Items in AFP with MESH term: Nausea
A Doctor Who Is Blamed for a Patients' Condition - Curbside Consultation
Ginger for the Treatment of Nausea and Vomiting in Pregnancy - FPIN's Clinical Inquiries
When to Order Contrast-Enhanced CT - Article
ABSTRACT: Family physicians often must determine the most appropriate diagnostic tests to order for their patients. It is essential to know the types of contrast agents, their risks, contraindications, and common clinical scenarios in which contrast-enhanced computed tomography is appropriate. Many types of contrast agents can be used in computed tomography: oral, intravenous, rectal, and intrathecal. The choice of contrast agent depends on route of administration, desired tissue differentiation, and suspected diagnosis. Possible contraindications for using intravenous contrast agents during computed tomography include a history of reactions to contrast agents, pregnancy, radioactive iodine treatment for thyroid disease, metformin use, and chronic or acutely worsening renal disease. The American College of Radiology Appropriateness Criteria is a useful online resource. Clear communication between the physician and radiologist is essential for obtaining the most appropriate study at the lowest cost and risk to the patient.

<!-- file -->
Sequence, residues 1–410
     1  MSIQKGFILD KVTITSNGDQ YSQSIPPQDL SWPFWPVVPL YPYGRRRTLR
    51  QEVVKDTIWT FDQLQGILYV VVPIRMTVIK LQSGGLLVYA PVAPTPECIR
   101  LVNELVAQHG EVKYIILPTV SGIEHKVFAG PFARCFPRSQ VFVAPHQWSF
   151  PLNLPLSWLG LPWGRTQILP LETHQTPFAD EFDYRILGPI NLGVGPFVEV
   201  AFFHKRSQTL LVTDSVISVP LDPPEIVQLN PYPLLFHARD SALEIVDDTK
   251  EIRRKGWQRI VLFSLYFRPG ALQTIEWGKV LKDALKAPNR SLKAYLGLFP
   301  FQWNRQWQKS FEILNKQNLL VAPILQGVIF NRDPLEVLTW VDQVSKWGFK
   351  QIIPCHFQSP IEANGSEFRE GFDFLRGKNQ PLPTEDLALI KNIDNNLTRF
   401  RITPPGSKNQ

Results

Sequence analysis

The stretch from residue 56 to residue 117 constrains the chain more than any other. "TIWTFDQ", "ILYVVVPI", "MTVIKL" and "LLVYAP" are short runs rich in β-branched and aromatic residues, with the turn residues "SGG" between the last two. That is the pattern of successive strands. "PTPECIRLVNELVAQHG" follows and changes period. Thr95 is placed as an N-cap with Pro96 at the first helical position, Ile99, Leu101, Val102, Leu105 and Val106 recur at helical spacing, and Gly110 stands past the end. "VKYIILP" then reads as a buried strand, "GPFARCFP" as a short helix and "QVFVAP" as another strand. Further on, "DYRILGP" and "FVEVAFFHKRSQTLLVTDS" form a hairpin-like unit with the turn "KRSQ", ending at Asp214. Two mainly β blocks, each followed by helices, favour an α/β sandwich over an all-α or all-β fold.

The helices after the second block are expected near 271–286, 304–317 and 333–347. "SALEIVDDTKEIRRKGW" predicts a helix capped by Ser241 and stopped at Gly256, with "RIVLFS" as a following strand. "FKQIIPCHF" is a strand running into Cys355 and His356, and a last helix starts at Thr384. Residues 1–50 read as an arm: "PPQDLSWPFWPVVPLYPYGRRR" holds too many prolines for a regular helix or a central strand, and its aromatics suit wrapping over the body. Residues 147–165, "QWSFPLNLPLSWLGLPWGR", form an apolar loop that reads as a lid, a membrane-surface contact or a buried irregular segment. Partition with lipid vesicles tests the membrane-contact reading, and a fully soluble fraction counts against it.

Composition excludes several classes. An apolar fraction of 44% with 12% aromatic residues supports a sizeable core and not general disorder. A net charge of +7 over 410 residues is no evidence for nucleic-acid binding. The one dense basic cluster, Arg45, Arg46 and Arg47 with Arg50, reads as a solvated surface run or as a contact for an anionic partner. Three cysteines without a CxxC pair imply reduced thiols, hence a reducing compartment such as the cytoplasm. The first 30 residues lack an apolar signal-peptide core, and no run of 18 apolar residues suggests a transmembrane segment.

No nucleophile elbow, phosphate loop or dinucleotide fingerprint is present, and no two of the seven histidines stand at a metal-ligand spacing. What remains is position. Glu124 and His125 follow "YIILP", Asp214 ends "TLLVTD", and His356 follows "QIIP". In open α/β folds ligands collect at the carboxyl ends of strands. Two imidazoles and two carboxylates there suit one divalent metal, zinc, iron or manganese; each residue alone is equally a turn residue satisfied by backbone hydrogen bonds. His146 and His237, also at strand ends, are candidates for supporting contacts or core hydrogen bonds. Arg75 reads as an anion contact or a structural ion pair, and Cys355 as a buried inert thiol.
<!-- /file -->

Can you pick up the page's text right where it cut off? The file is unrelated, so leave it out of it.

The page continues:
Nausea and Vomiting of Pregnancy - Article
ABSTRACT: Nausea and vomiting of pregnancy affects nearly 75% of pregnant women. The exact cause is unknown. In most cases, it is a mild, self-limited condition that can be controlled with conservative measures and has no adverse fetal sequelae. About 1% of women develop hyperemesis gravidarum, which may result in adverse outcomes for the mother and fetus. Patients with nausea and vomiting of pregnancy should be evaluated for other causes, particularly if symptoms are unremitting or presentation is atypical. Initial treatment is conservative and includes dietary changes, emotional support, and vitamin B6 supplementation. Several safe and effective pharmacologic therapies are available for women who do not improve with initial treatment. Women with hyperemesis gravidarum may require more aggressive interventions, including hospitalization, rehydration therapy, and parenteral nutrition.